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6 Ways to Avoid Confusion in Communication

Updated: Oct 14, 2019

by Thandie Balfour

It is widely accepted that the biggest challenge in many relationships is lack of communication. Many of the ills in society and even in our boardrooms can be attributed to poor communication. But you may ask, what do we mean by communication? People talk all the time so how can communication be a problem?

The challenge is not that we don’t talk but that in our talking we do not communicate clearly.

Communication is defined as the ‘two way process of sharing information to reach mutual understanding’. Therefore communication is more than just talking, most importantly it is about ensuring that there is common understanding of what is being shared. This means that we need to ensure that there is clarity every time we communicate. We need to make sure that the message sent has been received and understood as intended.

The responsibility of ensuring clarity lies on both the sender and the receiver of the message.

The responsibilities of the message sender:

Good articulation

It is important that the speaker pronounces and expresses the words used in a clear manner to minimise misunderstanding. This is especially important if the people involved speak different languages, articulation ensures that there is common understanding.

Good projection

People need to ensure that the voice reaches the intended recipients, this means no mumbling or unnecessary shouting. The quality of the voice is just as important and the speaker needs to ensure that it does not take away from the intended message.

Checking for understanding

Clarity is ensured by simply asking if the listener has not only heard but has understood the intended message. This step may seem unnecessary but it ensures that we avoid assumptions and accept that our communication may not be as clear as we believe.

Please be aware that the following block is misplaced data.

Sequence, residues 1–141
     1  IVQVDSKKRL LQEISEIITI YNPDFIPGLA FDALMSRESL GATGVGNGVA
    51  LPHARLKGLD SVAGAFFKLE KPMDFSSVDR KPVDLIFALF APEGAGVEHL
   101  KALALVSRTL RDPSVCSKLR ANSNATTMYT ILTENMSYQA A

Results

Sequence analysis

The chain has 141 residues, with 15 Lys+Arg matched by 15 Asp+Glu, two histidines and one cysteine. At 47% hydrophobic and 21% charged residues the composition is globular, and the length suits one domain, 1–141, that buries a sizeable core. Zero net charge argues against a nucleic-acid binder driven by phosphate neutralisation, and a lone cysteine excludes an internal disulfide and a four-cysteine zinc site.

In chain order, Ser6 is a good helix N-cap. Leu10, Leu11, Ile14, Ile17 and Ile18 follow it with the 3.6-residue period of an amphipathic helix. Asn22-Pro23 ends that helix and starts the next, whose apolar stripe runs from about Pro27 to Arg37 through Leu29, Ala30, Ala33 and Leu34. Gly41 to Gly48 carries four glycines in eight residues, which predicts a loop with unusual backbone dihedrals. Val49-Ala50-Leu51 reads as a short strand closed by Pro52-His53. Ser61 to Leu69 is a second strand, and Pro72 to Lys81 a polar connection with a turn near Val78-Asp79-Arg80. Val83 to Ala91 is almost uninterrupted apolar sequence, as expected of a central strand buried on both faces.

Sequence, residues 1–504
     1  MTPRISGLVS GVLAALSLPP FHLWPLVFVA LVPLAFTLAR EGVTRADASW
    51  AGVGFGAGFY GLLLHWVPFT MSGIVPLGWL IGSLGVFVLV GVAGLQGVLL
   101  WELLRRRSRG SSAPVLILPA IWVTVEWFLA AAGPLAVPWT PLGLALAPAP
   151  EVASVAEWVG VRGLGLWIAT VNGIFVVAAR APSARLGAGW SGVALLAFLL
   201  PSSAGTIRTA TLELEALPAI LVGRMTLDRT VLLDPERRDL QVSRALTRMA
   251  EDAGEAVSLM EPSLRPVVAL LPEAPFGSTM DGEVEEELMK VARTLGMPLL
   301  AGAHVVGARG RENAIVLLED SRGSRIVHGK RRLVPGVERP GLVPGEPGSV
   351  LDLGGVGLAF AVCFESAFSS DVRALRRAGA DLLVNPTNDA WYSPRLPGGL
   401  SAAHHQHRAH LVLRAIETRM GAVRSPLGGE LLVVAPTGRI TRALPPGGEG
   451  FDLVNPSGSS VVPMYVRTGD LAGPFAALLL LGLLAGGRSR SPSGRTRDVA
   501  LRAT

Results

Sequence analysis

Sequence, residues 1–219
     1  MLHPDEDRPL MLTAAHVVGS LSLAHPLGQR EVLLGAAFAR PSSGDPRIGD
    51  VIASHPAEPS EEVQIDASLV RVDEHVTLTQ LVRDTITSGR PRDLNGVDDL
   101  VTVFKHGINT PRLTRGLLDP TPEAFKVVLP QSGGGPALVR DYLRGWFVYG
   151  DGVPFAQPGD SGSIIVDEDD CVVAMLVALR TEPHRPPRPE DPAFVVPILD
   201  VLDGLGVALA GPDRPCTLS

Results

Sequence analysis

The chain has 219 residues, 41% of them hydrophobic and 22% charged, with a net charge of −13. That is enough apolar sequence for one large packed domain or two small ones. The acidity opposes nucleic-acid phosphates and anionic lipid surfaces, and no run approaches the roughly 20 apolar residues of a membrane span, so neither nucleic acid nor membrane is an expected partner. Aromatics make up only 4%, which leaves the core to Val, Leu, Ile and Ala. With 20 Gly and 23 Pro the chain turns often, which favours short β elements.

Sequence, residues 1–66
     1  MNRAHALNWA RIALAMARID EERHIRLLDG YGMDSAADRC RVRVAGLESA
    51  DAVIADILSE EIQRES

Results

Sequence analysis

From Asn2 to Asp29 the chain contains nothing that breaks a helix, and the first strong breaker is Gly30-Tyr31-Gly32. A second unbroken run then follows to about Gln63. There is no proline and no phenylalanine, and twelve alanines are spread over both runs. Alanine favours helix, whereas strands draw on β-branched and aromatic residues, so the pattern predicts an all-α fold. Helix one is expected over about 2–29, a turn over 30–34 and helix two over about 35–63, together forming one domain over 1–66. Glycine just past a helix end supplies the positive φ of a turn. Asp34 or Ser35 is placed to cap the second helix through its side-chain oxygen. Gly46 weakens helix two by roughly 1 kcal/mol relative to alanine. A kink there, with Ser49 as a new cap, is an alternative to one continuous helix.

The responsibilities of the message receiver:


Many people are not able to fully focus on the message intended as they have many competing interests in their minds. This means active listening i.e. listening to the words shared, watching the body language and listening to the emotions as well.


Many people are not comfortable in asking questions as they fear appearing ignorant and yet it is the very questions which will ensure that the message is received as intended.


Repeating what the person has just said, in one’s own words, is another great way of ensuring that the message has been received as intended. It is the responsibility of the receiver to make sure that they can repeat what they have heard and are able to use their own words.

Creating and ensuring clarity is crucial when one is running a training workshop. The purpose of any training is to make sure that the content being shared is well understood by the delegates. The success of any training workshop is determined by whether communication has been good and there has been clarity.

“The single biggest problem in communication is the illusion that it has taken place.”

- George Bernard Shaw


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